November 27, 2015

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First Mediaworks

8/13/01 The Call You Never Want
The call you never want came to me one afternoon, when I was running a local station. One of the three most important media buyers in town left a message, saying she was very upset and wanted to see me right away. What could it be? Had we screwed up one of the many schedules she had placed? Were we about to loose an account? Maybe several? Like any good GM, I dropped everything and responded to this customer’s request for a meeting.

“Eric, I think I know you pretty well,” she began. “And I have a hunch what I’m about to tell you is not company policy. Needless to say, I’m very upset, and your entire budget is at risk.”

Okay, she definitely had my attention. She then told me that one of my male sales reps was “coming on” to her. Not only was he bold in his approach, he was blatant, saying things like “I know you want it.” She said he commonly referred to her as “babe,” “sugar” and “sweetheart.”

I was indeed floored. Not only had I never seen or heard him treat anyone this way, it seemed out of character for this unusually successful sales guy who had been above-board in all ways. He was truly a family man — not anyone I would have suspected of this behavior. I reassured the buyer that this was not our policy, I told her I would look into this disturbing matter, and I removed him from the account to eliminate her discomfort.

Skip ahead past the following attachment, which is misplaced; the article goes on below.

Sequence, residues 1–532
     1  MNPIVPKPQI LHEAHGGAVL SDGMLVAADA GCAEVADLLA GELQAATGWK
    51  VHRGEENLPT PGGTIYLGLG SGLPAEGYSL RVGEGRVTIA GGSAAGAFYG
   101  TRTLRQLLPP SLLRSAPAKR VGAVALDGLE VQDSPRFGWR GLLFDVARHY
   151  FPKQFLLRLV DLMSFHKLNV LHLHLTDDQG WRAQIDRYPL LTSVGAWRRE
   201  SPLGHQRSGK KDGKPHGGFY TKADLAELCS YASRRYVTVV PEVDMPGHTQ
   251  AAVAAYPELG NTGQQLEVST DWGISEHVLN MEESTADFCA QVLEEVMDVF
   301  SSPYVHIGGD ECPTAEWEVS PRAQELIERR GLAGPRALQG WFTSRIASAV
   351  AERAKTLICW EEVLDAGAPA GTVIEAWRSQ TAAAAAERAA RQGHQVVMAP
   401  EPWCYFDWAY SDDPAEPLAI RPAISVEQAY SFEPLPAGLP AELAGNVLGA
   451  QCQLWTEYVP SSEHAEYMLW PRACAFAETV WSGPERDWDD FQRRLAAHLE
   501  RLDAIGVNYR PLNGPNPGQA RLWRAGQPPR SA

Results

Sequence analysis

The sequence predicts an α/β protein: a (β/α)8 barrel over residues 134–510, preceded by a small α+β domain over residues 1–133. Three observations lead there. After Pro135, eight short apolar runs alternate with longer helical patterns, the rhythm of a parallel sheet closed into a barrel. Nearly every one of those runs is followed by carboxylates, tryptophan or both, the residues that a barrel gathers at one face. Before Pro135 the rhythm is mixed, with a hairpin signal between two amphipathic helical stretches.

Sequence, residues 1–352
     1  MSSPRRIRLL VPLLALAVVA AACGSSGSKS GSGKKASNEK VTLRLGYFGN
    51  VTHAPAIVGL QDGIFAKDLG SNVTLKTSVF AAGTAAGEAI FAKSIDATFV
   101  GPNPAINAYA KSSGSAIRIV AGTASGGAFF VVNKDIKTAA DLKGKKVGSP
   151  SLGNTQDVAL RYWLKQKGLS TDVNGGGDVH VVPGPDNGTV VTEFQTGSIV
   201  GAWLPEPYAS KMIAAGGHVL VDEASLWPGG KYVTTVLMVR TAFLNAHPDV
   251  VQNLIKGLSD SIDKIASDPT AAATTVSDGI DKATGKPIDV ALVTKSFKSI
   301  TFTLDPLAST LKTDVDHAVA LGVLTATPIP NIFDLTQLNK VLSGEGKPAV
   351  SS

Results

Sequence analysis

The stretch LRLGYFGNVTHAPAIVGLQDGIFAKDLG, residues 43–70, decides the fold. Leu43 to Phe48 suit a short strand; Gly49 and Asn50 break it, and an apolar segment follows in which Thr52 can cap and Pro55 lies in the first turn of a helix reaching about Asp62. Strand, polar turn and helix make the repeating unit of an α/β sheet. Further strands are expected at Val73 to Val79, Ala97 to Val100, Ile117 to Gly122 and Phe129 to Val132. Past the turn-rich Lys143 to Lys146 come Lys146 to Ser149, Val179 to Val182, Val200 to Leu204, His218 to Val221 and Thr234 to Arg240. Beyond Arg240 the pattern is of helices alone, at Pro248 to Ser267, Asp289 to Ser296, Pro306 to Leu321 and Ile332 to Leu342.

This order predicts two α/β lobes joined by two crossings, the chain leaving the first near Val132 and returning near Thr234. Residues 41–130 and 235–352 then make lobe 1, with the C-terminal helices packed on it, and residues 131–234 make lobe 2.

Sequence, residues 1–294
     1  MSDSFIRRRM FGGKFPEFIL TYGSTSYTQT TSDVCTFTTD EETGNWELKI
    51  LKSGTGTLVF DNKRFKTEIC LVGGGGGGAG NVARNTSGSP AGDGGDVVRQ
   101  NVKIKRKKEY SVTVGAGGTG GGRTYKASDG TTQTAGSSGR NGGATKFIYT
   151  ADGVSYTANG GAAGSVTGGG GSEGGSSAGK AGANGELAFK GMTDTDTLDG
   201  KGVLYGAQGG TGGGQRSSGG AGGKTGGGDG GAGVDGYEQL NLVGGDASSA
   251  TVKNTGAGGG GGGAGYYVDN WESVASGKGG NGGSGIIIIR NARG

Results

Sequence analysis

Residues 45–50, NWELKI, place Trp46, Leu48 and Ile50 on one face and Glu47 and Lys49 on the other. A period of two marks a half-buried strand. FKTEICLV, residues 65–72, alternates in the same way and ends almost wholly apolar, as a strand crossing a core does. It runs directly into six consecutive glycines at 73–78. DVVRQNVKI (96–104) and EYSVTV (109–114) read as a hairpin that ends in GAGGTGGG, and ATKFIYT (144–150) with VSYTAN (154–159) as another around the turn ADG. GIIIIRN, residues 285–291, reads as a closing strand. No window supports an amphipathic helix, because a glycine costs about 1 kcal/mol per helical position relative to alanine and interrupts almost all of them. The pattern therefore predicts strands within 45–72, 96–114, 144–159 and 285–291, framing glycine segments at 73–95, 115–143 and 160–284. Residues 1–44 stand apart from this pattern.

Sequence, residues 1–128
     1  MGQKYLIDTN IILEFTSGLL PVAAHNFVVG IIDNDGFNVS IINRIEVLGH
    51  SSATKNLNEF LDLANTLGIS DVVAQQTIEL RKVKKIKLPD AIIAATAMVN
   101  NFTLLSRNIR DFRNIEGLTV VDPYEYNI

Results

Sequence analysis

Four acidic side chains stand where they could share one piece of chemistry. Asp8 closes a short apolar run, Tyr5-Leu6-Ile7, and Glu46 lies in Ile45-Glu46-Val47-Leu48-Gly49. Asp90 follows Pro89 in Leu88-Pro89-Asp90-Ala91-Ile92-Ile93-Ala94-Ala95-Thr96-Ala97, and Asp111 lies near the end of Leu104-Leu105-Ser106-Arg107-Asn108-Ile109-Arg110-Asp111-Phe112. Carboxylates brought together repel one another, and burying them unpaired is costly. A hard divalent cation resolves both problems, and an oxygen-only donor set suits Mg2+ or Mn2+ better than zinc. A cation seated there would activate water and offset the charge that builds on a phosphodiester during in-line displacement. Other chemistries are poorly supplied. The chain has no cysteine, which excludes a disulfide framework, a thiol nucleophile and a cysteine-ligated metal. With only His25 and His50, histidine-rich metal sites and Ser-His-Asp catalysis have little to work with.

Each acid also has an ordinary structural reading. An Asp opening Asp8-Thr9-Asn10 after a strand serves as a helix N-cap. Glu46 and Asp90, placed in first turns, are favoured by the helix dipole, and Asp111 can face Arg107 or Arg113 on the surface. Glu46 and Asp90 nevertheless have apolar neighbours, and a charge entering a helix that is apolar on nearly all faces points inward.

You could have heard the high pitch of my voice across the street: “What were you thinking?” His response was, “Simple, Boss. She was sending me signals that she was attracted to me, and I knew I could play it to my advantage. Of course, I would never actually do anything, but I believe she is interested in me, and I intend to use it to increase her business.” Rolling my eyes, I never expected this in modern times. We fixed his problem, made the buyer happy and got through the crisis.

Most women today will tell you that these uncomfortable events still take place — very much so around the Radio business. It’s bad enough that many clients play this old song when women are trying to sell them. The tragedy is that we still hear unfortunate stories of bosses and co-workers who mistreat women.

For several years, my personal goal has been to elevate the level of respect for women within our industry and remove the glass ceiling. I don’t understand how, in 2001, we can have so many large Radio companies, many of them public, yet none of the top companies have senior-executive positions filled by women — nothing, it seems, beyond the general manager level. There are some smaller broadcast companies with women in key positions, but too few. Where in the 40 Most Powerful List — beyond Cathy Hughes (thank goodness!) — are the women?
Radio’s “good ol’ boy” mentality is changing, but it’s all talk until we see women who are promoted to prominent positions and actually handle the controls. This should not be done solely because they are women; it must be based on qualifications.

I have no doubt that there are capable women to fill critical leadership positions beyond general manager. I’m calling on the biggest Radio companies to make it a goal to set the tone within their organizations by seeking ways to change this awkward imbalance. I would have expected this imbalance in the ’40s, ’50s and ’60s, but not in 2001.

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